New START and the Future of Arms Control Diplomacy and U.S.-Russian Relations
Join the Future of Diplomacy Project (FDP) and the Project on Europe and the Transatlantic (PETR) relationship for a seminar about New START and the future of arms control diplomacy and U.S.-Russian Relations.
Today nine states possess nuclear arms, no more than a quarter-century ago, but control of these weapons globally remains a challenge that is about to get harder. While Presidents Biden and Putin signed an extension to the last remaining nuclear arms control pact, New START, on Jan. 26, 2021, for a period of five years, China, India, North Korea and Pakistan are all expanding and modernizing their nuclear forces. There is dismal progress towards global disarmament, which remains the aim of the Non-Proliferation Treaty (NPT), the cornerstone of the nuclear order. Given the obvious tensions between Russia and the United States, is there sufficient common ground and interest for these two countries to drive the expansion of non-proliferation globally? Separate from the nuclear issues it is set to govern, what does this agreement signal about the future of U.S.-Russian relations?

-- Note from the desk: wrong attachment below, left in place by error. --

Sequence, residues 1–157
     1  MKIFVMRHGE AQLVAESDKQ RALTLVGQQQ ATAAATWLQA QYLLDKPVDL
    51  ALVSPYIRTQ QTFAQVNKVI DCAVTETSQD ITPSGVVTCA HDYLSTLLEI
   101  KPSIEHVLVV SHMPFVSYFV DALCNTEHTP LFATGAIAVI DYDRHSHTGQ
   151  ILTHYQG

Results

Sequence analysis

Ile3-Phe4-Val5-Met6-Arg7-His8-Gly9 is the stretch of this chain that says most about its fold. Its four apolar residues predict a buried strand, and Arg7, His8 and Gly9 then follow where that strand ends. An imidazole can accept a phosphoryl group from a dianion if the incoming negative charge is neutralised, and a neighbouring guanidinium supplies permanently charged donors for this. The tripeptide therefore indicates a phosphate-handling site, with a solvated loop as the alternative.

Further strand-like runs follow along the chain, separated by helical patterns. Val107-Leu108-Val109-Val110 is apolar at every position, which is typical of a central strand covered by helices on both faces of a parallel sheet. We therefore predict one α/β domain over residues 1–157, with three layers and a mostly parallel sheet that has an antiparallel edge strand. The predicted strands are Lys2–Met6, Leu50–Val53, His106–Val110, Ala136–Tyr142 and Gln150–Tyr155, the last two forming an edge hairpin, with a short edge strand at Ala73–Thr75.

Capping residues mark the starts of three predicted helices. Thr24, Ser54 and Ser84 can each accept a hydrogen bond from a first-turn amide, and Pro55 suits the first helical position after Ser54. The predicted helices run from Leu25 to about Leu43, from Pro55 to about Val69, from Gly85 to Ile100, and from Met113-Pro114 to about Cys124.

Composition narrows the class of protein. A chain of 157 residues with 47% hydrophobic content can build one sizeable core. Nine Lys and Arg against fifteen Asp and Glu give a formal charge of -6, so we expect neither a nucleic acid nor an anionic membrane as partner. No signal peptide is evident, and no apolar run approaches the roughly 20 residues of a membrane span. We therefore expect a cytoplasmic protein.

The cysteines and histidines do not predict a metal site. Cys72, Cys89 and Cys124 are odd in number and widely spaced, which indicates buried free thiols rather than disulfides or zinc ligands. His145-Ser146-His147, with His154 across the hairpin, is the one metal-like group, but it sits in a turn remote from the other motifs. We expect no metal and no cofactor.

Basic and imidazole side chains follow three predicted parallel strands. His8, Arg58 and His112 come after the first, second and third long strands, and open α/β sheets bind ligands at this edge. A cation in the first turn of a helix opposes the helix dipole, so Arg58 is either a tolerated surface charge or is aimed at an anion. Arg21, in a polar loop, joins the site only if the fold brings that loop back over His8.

Rose Gottemoeller, Frank E. and Arthur W. Payne Distinguished Lecturer at Stanford University's Freeman Spogli Institute for International Studies and its Center for International Security and Cooperation.
Paula Dobriansky, Senior Fellow in the Future of Diplomacy Project at Harvard Kennedy School’s Belfer Center for Science and International Affairs and is Vice Chair of the Scowcroft Center for Strategy and Security at the Atlantic Council.
Doug Lute, Senior Fellow, Project on Europe and the Transatlantic Relationship and former United States Permanent Representative to the North Atlantic Council, NATO’s standing political body.